In its prohibition of “cruel and unusual punishments, ” the Eighth Amendment requires prison official to “take reasonable measures to guarantee the safety of the inmates.” Farmer v. Brennan, 511 U.S. 825, 832 (1994) (quoting Hudson v. Palmer, 468 U.S. 517, 526-27 (1984)). To establish liability under the Eighth Amendment for a claim based on a failure to prevent harm to a prisoner, a plaintiff must show that the prison official acted with “deliberate indifference” to a substantial risk of serious harm facing the plaintiff. Farmer, 511 U.S. at 834; Helling v. McKinney, 509 U.S. 25, 32 (1993); Bishop v. Hackel, 636 F.3d 757, 766-67 (6th Cir. 2011); Curry v. Scott, 249 F.3d 493, 506 (6th Cir. 2001); Woods v. Lecureux, 110 F.3d 1215, 1222 (6th Cir. 1997); Street v. Corr. Corp. of Am., 102 F.3d 810, 814 (6th Cir. 1996); Taylor v. Mich. Dep't of Corr. 69 F.3d 76, 79 (6th Cir. 1995). Deliberate indifference is a higher standard than negligence and requires that “the official knows of and disregards an excessive risk to inmate health or safety; the official must both be aware of facts from which the inference could be drawn that a substantial risk of serious harm exists, and he must also draw the inference.” Farmer, 511 U.S. at 837; see also Bishop, 636 F.3d at 766.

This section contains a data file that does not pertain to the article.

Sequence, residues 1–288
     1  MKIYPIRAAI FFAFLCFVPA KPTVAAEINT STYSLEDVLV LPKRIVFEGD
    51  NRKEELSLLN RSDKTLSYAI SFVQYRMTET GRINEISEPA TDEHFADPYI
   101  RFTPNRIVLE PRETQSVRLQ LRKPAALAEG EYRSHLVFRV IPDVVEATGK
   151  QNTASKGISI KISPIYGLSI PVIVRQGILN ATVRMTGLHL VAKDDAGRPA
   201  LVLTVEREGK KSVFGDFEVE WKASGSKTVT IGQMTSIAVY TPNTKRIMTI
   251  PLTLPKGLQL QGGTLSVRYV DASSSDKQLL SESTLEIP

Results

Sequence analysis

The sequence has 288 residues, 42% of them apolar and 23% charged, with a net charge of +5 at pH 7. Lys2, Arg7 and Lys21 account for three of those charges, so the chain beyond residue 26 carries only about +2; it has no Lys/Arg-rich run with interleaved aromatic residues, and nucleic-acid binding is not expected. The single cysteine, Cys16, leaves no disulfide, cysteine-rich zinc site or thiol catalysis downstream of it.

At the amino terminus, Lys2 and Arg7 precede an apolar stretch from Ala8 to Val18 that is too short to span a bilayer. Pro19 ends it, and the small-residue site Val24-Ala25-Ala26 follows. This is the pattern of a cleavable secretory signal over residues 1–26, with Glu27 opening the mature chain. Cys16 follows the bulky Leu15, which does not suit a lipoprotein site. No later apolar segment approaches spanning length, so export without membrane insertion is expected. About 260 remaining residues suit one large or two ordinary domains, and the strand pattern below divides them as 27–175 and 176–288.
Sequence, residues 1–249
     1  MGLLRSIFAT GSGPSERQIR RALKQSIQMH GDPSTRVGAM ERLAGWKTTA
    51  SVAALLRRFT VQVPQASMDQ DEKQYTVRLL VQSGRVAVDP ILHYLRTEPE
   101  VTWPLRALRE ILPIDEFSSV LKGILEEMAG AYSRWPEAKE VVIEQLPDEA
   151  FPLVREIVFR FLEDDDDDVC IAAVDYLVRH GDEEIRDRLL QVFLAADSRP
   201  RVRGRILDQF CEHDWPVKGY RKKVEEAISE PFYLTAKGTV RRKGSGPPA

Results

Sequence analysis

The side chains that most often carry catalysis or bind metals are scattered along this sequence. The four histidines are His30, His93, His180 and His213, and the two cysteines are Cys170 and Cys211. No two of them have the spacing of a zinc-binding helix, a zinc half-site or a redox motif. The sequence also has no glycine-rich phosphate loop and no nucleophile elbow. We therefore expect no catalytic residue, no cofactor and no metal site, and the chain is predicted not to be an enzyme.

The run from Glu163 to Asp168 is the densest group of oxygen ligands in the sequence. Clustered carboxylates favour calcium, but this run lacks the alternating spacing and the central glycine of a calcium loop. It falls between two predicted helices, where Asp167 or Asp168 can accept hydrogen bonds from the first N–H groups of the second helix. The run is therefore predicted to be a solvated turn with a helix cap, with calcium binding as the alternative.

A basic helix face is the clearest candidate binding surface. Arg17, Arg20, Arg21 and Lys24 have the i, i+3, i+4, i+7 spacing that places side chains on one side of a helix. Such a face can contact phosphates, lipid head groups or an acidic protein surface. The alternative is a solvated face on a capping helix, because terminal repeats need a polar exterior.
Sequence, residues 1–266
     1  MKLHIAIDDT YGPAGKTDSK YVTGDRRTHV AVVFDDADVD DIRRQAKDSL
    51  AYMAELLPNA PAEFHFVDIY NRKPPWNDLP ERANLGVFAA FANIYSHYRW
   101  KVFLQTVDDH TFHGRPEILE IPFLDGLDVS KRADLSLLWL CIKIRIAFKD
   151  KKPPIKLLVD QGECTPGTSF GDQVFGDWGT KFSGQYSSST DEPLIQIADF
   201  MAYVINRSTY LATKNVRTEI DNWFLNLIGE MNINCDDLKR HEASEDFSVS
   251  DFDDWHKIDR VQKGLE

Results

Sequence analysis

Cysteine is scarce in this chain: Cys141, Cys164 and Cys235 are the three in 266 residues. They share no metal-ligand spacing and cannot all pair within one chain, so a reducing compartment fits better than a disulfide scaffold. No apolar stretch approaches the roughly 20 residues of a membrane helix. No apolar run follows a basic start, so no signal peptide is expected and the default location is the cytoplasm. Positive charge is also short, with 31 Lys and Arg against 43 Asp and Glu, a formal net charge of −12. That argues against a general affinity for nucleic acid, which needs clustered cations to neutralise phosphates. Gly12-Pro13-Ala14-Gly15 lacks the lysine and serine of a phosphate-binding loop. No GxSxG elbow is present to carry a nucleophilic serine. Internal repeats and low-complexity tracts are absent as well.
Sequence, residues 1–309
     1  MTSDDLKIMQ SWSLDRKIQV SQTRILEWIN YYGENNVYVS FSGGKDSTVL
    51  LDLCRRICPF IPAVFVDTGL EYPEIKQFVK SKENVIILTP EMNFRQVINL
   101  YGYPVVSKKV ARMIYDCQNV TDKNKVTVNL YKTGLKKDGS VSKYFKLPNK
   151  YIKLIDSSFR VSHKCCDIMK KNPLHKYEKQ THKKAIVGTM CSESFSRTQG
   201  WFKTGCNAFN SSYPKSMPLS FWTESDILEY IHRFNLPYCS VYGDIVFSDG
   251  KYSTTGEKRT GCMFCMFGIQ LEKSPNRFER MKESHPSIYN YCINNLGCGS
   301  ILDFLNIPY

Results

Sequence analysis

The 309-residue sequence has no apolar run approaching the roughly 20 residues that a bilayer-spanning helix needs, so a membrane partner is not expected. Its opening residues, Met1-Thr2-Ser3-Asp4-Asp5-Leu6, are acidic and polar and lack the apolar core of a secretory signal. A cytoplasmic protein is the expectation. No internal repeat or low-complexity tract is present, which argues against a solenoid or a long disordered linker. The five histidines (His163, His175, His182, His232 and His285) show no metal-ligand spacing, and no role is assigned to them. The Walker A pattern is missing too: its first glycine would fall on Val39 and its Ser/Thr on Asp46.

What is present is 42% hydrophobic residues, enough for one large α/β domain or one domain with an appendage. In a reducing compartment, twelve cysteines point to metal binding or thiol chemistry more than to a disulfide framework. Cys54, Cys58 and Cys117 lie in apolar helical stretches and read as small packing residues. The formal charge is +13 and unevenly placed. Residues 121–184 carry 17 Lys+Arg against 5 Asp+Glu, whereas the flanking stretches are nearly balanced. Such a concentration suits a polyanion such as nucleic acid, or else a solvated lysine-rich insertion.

Plaintiff primarily complains that summary judgment is not warranted because he was not provided a sufficient opportunity for discovery. However, he does not explain how he was deprived of a full opportunity for discovery in this case. Plaintiff, through counsel, filed a motion to produce discovery on January 16, 2018 (ECF No. 53). The Magistrate Judge adjudicated the motion and issued an Order setting out the parameters of discovery on June 19, 2018. (ECF No. 75). Plaintiff suggests that Defendants may have breached their discovery obligations under the order, but Plaintiff did not file a motion seeking to compel production. Nor did he object to the Magistrate's order relating to discovery. On this record, Plaintiff has no basis to argue that he lacked an adequate opportunity for discovery.